Read the Seattle Times article here:
When Immigration and Customs Enforcement director John Morton sent a memo on June 17 stating that individuals should be deported only if they meet ICE’s enforcement priorities, it made clear who doesn’t fit those priorities: immigrants with no criminal records, as well as those brought to the country as children. And yet, a close-knit family that poses no danger to the country found itself on the edge of heart-breaking separation.
Alberto Yanez, who was brought to the U.S. when he was only 1 ½ years old, can remember only this country as his home. The 24-year-old has lived in Los Angeles and Washington virtually his whole life, and is the father of three U.S. citizen children, and has two U.S. citizens brothers. His life has been full of accomplishments: He tested gifted in the third grade, worked full-time while pursuing a degree, and is currently an honors student seeking a career as a pharmacy technician.
But on November 16, 2010, Alberto and his mother, who also has no criminal record and poses no security threat, were detained in their home and placed in a detention center for approximately one month.
The Change.org and the immigrant rights community didn’t take that news sitting down. After reading about the Yanez family’s situation, more than 2,500 of you signed a petition created by Change.org member Richard Hartwell demanding ICE and the Obama administration follow through on their word not to deport DREAMers and their families. Thanks in large part to these efforts, today Alberto’s lawyer announced that he has been granted a temporary stay of removal until January.
That is major progress in the case, and it happened because so many individuals stood up and demanded justice for this hardworking family.
But the fight is far from over: Alberto’s mom still risks deportation and community pressure is needed more than ever to support her case. Sign the petition asking ICE to stick to its word and not separate a family who has built a life here and who needs each other more than ever. If you’ve already signed, please spread the word on Facebook.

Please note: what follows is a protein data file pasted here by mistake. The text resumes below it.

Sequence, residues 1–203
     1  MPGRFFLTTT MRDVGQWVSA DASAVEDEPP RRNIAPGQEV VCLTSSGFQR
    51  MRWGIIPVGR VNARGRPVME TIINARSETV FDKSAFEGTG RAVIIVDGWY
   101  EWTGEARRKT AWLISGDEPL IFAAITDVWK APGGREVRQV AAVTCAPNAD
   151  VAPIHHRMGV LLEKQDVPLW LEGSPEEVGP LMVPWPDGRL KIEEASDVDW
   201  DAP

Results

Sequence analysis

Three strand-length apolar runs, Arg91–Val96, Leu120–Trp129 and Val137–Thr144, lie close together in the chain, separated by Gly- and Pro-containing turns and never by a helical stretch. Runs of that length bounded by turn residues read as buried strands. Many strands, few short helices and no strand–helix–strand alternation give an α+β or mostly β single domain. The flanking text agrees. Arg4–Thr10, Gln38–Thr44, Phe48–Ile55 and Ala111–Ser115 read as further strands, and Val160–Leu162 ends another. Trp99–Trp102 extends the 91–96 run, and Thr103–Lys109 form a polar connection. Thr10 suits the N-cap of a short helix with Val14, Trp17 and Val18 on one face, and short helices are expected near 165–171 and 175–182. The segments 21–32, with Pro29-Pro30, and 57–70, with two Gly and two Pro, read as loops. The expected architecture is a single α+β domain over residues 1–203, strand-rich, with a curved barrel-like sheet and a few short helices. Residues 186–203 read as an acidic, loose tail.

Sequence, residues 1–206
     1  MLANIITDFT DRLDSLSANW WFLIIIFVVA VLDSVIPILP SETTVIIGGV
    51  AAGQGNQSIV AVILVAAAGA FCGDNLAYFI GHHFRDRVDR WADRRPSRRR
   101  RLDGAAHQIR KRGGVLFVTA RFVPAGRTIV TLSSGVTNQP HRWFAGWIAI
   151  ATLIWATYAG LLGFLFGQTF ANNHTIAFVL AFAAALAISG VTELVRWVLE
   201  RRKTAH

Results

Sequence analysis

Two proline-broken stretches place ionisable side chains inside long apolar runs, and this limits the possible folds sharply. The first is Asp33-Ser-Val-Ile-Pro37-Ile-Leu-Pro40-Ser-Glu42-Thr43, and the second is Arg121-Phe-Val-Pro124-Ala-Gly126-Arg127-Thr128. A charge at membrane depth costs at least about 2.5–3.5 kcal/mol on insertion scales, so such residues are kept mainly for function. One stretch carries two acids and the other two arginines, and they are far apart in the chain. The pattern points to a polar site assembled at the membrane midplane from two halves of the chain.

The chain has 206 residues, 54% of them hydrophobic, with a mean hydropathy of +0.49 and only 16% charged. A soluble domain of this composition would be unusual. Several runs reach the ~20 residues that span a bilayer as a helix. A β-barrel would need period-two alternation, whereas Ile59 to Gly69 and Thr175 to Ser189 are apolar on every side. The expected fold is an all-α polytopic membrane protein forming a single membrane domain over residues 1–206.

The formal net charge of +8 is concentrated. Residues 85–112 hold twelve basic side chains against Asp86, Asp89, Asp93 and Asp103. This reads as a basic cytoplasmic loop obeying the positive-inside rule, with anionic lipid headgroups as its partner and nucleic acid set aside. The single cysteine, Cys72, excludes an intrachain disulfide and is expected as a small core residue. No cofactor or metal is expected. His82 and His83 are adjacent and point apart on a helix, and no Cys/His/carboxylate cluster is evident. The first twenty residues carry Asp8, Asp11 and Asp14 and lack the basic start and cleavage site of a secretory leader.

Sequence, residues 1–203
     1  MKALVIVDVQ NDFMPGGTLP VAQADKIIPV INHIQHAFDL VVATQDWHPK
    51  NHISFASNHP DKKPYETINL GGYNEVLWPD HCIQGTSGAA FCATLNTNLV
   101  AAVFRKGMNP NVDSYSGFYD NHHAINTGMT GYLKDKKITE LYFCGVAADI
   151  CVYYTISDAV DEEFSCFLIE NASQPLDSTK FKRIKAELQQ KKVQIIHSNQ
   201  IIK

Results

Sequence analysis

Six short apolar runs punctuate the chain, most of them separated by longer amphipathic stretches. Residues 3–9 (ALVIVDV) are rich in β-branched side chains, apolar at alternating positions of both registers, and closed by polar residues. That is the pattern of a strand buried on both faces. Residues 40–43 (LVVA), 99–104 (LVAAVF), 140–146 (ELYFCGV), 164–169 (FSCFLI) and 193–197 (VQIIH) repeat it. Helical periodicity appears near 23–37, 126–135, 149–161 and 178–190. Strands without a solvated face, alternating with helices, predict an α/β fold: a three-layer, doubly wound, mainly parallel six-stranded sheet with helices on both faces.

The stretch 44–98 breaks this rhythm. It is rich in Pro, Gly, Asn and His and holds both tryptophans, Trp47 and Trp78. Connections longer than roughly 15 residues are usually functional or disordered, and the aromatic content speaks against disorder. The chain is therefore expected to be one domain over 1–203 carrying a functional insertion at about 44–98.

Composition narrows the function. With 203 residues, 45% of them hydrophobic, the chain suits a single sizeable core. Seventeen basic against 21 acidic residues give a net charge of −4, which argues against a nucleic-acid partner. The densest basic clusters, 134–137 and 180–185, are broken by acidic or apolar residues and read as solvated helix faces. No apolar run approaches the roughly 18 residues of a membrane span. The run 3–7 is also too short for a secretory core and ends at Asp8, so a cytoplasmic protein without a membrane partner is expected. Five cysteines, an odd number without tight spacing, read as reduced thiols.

Attorney General Rob McKenna is trying to push bills through the legislature that promise to crack down on so-called “notarios”–quasi-professionals who advertise themselves as immigration “assistants” but who often attempt to practice law without a license. The bills would seem to come just in time. Guess which former lawyer, disbarred after decades of complaints, now appears to be practicing as a notario?
If you guessed Antonio Salazar, pictured above and subject of a SW cover story last April 21, you’re right.
In April, just days before a judge disbarred Salazar, a company called “Ayuda Immigration, Inc.” opened in the very same office the disgraced attorney had long occupied on Lake City Way. (Ayuda means “help” in Spanish.) Salazar’s son, Nicolas, is listed as the agent of the firm in its registration with the Secretary of State’s office, but a source says it’s the elder Salazar who’s running the show.
A recent ad for the firm in a Spanish-language publication (seen at left) certainly has the hallmarks of a Salazar production. Next to promises of help with “todo tipo de aplicacion” (any type of application) and “peticiones familiars” (family petitions) is a picture of two comely young women, one in a very short skirt. For many of the years Salazar practiced law, he also ran a side business putting out risqué calendars of “Seattle Latinas.”
According to Manny Rios, a well-known immigration attorney in Seattle, other disbarred attorneys are also acting as notarios, as well as people who have had no legal training at all.
Rios thus considers bills like the ones before the legislature necessary. He says, however: “At the end of the day, it has to do with enforcement.” HB 1146 and SB 5023 allow for civil penalties of up to $1,000–an amount that Rios contends is “not going to stop these people. They’ll close up shop, change the name, and open up again.”
“I would have liked to see some kind of criminal sanctions,” Rios adds.
Still, he acknowledges that some notarios are well-respected figures in the Latino community who offer their services at more affordable prices than attorneys. He also concedes that notarios aren’t the only ones responsible for the substandard practice of immigration law. As Salazar well demonstrates, when it comes to this Byzantine and undersupervised field, even someone with a law license could end up getting their clients deported.
Primer Impacto Report: Manuel Rios discusses an asylum claim based on drug violence in Mexico.
KOMO News Report: Manuel Rios discusses the case of a woman brought to U.S. as a baby through adoption who is facing potential deportation